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2018 Sonia Sanchez-Langston Hughes Poetry Contest

Each year, Split This Rock sponsors a national poetry contest, which serves to raise the visibility and prestige of poetry of provocation and witness. We are delighted and honored to share that this contest, formerly known as the Split This Rock Annual Poetry Contest, has been renamed the Sonia Sanchez-Langston Hughes Poetry Contest. The winning poems are published on Split This Rock's website and within The Quarry: A Social Justice Poetry Database. Additionally, the 1st place recipient receives $500 and the 2nd and 3rd place recipients receives $250 each. All prize winners receive free registration to Split This Rock Poetry Festival: Poems ol Provocation & Witness 2018, and the 1st place recipient is invited to read the winning poem on the main stage at the festival.

We're excited to announce, below, the results of Split This Rock's 2018 Sonia Sanchez-Langston Hughes Poetry Contest. We are grateful to the contest judge, Sonia Sanchez, to the preliminary readers, and to all who entered poems in this, our 11th annual contest. The poems were brave and necessary, as we find poets' voices are more essential than ever.

The 2018 Sonia Sanchez-Langston Hughes Poetry Contest Judge: Sonia Sanchez

Portrait style image of Sonia Sanchez wearing a dark brown, heavily textured sweater, a necklace of multicolored beads, and drop earrings of a light colored stone. She smiles at the camera. She has warm brown eyes, and wears her salt-and-pepper hair in shoulder-length, curly, dreadlocks.

Sonia Sanchez - Considered one of the most significant writers of the Black Arts Movement, Sonia Sanchez is the author of more than a dozen books of poetry, including, among others, Morning Haiku (Beacon Press, 2010), Homegirls and Handgrenades (White Pine Press, 2007), Shake Loose My Skin: New and Selected Poems (1999); Like the Singing Coming Off the Drums: Love Poems (1998); and Does your house have lions? (1995), which was nominated for both the NAACP Image and National Book Critics Circle Award.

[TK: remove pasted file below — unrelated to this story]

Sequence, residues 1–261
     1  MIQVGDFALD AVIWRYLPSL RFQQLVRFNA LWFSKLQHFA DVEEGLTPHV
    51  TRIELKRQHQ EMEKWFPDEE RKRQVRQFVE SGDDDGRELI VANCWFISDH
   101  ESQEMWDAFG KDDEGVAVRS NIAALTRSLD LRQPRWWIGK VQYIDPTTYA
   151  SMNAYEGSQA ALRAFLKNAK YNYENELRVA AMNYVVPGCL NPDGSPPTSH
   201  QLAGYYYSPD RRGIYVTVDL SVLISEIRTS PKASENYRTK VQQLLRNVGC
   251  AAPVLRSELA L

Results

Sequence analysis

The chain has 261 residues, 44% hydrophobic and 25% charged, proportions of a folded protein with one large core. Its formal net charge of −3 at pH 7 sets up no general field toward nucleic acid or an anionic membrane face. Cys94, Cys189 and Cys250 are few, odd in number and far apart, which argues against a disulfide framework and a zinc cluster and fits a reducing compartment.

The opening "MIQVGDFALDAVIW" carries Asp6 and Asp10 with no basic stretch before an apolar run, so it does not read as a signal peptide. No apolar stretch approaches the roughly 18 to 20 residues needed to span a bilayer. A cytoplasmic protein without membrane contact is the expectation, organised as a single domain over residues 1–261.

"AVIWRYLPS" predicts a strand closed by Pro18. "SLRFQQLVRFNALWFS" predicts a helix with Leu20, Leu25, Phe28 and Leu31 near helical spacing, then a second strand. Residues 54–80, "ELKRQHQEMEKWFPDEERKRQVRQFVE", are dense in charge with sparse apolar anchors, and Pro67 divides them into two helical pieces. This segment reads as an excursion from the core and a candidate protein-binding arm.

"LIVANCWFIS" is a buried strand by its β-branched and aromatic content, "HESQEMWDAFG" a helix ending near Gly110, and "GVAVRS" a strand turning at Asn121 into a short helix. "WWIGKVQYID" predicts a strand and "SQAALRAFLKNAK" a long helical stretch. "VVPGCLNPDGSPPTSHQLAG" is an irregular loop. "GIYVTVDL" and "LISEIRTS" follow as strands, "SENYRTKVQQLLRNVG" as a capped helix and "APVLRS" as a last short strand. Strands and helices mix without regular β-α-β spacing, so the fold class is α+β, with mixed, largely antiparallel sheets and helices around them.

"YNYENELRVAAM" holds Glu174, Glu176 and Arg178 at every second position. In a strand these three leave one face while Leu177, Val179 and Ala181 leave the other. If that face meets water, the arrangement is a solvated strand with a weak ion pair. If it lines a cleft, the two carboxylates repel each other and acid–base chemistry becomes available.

Among the many honors she has received are the Community Service Award from the National Black Caucus of State Legislators, the Lucretia Mott Award, the Outstanding Arts Award from the Pennsylvania Coalition of 100 Black Women, the Peace and Freedom Award from the Women's International League for Peace and Freedom, a National Endowment for the Arts Award, and a Pew Fellowship in the Arts. She was the first Presidential Fellow at Temple University, where she began teaching in 1977, and held the Laura Carnell Chair in English there until her retirement in 1999. She was the first Poet Laureate of Philadelphia. Learn more at Sonia Sanchez's website.


Image of Jonathan Mendoza standing near a winter corn field. The sky is blue and overcast. He looks directly at the camera, wears a heavy brown overcoat, and has short dark brown hair and brown eyes.

By Jonathan Mendoza, San Antonio, Texas

Jonathan receives $500, free festival registration to Split This Rock Poetry Festival 2018, and an invitation to read the winning poem on the mainstage at the 2018 festival. (Photo by Gregory Jundanian)



By Jonathan Mendoza


Osmosis: in which molecules of a solvent pass through a membrane to achieve equilibrium.

Example: I place my hand in a pool of salt.
Some stays. Some seeps into my skin.
Everything goes exactly where it’s supposed to.

Example: Prudencia Martín Gómez leaves Guatemala at 18
to surprise her husband in California.
Like most beings, most of Prudencia’s body is water.

When Prudencia is found
60 miles from the US-Mexico border,
a pile of clothes, limbs, and a puddle of wet sand,
is she the corpse?
or was she
the water?

If Prudencia is water,
and the desert is
a ground, then Prudencia went
exactly where she was supposed to.

If migration is a pipe
and employment is a sponge,
then Prudencia went
exactly where she was supposed to.

Some would like to build a wall,
and water always seeps through,
but much does not.

Most days, water dries in the bed of a pick-up truck
clutching a seven-year-old daughter.

Most days, water is the daughter
engulfed by men who are storms.

Most days, water flees the storm
only to join other water,
like at the bottom of a riverbed,
or drowning in an All American Canal.

Most days, water must leave a nation
that is on fire
into the nation
that fans the flames. Most days,

home is a war,
even if they called it a cold one.
War is only cold
everywhere it isn't a fire.

Home was the gun fire
and the crossfire
and the day an American-backed coup
burned Prudencia’s village to the ground,

and water fled up,

and some days
water survives long enough to know comfort
as something other than a fantasy.
but most days
water exists just to be consumed,

just to be exploited,
just until a nation’s fear
sheathes all the water like ice.

ICE stops everything.

ICE stops children on their way to work.
ICE stops parents on their way home.
ICE stops a loved one from praying at a hospital bed.

Water leaves the eye,
and Prudencia is a small ocean on her husband's face.

Salt stays,
sings the water its own name:


                         Everything goes
                         exactly where it's supposed to.

Prudencia leaves,


a cloud.

Prudencia becomes

the rain.


soaks the earth.

The earth begets

  a seed…